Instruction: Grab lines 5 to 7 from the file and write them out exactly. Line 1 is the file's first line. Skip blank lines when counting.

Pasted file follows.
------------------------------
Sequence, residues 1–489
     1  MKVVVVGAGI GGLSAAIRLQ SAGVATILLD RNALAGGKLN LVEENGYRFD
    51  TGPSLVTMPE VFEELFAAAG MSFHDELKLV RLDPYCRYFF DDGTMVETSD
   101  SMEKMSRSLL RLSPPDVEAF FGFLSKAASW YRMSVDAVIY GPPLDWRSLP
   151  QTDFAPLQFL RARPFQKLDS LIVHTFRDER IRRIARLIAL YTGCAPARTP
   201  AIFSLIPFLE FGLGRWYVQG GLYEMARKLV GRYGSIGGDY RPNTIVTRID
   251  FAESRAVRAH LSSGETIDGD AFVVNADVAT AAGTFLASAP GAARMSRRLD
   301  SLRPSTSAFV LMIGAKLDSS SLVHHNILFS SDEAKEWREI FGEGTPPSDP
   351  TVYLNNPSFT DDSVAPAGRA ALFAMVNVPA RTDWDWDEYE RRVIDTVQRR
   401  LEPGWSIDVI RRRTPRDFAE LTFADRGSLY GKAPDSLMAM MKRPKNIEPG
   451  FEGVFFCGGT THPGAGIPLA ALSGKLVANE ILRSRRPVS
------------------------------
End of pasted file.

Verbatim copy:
   151  QTDFAPLQFL RARPFQKLDS LIVHTFRDER IRRIARLIAL YTGCAPARTP
   201  AIFSLIPFLE FGLGRWYVQG GLYEMARKLV GRYGSIGGDY RPNTIVTRID
   251  FAESRAVRAH LSSGETIDGD AFVVNADVAT AAGTFLASAP GAARMSRRLD